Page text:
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Home / Acne / Acne scarring: symptoms, causes and treatment

Acne scarring: symptoms, causes and treatment

Learn more about acne scarring and how to treat it

Acne is a common skin condition that affects many globally. However, for some, the journey doesn’t end when the pimples fade.

Acne scarring can cause ongoing physical and psychological issues for years and years after your acne has cleared.

Close-up of a young man with acne scarring.

Read more to learn about acne scarring, what causes it, what it looks like and how you can treat it.

What is acne scarring?

Scarring is an acne complication that affects 47% Trusted source Wiley Online Library Peer-reviewed Journals Multidisciplinary Research Go to source of people with acne.

It causes permanent changes in your skin after acne breakouts have healed. Symptoms include discolouration, indentations or permanent marks.

47% of people with acne experience acne scarring.

Anybody with acne can develop scarring. However, it is prevalent in people with more serious symptoms such as nodules or cysts.

What causes acne scarring?

Acne scarring occurs when breakouts penetrate the skin deeply. This damages the skin and the tissue beneath it.

Your body tries to repair this damage by producing more collagen. Collagen is an important protein in your body that has several key roles in your skin.

Collagen helps to:

  • grow new skin cells
  • replace dead skin cells.
  • maintain skin elasticity, strength and structure

However, it can cause scarring depending on how much or how little your body produces.

Too much collagen can cause raised acne scars. This is where the skin becomes raised in areas where there is more collagen than needed.

On the other hand, can cause depressed acne scars. This is where depressions or pits form in your skin as it heals.

What are the risk factors for acne scarring?

It’s not possible to predict who will get scarring. However, some factors can increase your risk of developing acne scars.

Risk factors include:

  • Having inflammatory acne - these types of acne cause cysts or nodules. These types of blemishes penetrate deep into the skin, so are more likely to cause permanent scarring.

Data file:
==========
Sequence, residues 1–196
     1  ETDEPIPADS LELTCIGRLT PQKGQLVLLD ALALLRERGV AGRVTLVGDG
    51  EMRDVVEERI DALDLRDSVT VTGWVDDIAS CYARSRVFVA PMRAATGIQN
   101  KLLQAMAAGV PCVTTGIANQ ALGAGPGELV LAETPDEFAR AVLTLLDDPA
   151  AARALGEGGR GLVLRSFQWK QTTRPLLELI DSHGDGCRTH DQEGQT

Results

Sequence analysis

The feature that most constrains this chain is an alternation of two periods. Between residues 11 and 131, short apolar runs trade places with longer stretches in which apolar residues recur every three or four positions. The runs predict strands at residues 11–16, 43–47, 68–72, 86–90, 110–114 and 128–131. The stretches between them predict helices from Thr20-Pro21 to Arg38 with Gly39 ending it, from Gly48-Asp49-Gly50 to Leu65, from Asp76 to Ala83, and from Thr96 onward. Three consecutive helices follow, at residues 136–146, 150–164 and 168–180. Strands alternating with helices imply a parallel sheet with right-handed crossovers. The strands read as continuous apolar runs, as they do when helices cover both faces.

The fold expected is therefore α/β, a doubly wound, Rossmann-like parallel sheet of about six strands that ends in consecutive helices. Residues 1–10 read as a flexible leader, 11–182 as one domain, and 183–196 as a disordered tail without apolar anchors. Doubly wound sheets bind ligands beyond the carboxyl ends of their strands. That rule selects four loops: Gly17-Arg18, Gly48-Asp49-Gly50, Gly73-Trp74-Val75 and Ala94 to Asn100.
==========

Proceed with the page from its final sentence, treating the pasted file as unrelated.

• Delaying or not treating your acne - the longer you have acne, the more chance it has to cause scarring.
  • Picking, squeezing or popping your spots - this increases inflammation, irritates the skin and increases the risk of scarring.
  • Having a relative with scarring - genetics may play a role in acne scarring.

While not completely preventable, using acne treatment and not popping pimples will help reduce the risk.

What do acne scars look like?

Scarring causes permanent changes to the skin and causes an uneven skin texture.

It mostly occurs on the face or back. However, scarring can occur across the body.

4 types of acne scars exist that all have different symptoms.

Diagram showing different kinds of acne scars.

Ice pick scars, boxcar scars and rolling scars are 3 types of depression scars, also known as atrophic scars.

Raised scars are known as hypertrophic or keloid scars.

Atrophic scars

Atrophic scars cause indentations or holes in the skin. There are 3 types:

  1. Ice pick acne scars - small, deep holes that look like the skin has been punctured by a sharp object.
  2. Boxcar acne scars - round, oval craters in the skin.
  3. Rolling acne scars - uneven, rolling skin caused by bands of scar tissue forming under the skin.

The slideshow below shows the different kinds of acne scars.

Ice pick scars are the most common type of atrophic scars. They occur in 60-70% Trusted source National Center for Biotechnology Information (NCBI) Government Source Biomedical Research and Literature Go to source of cases.

Hypertrophic and keloid scars

Unlike atrophic scars, hypertrophic scars grow above the surface of the skin.

The scars are raised and painful and are common complications of chest acne or back acne. The skin thickens and will feel lumpy.

Keloids are a more severe form of raised scar. They grow larger than the original lesion and expand to the surrounding skin.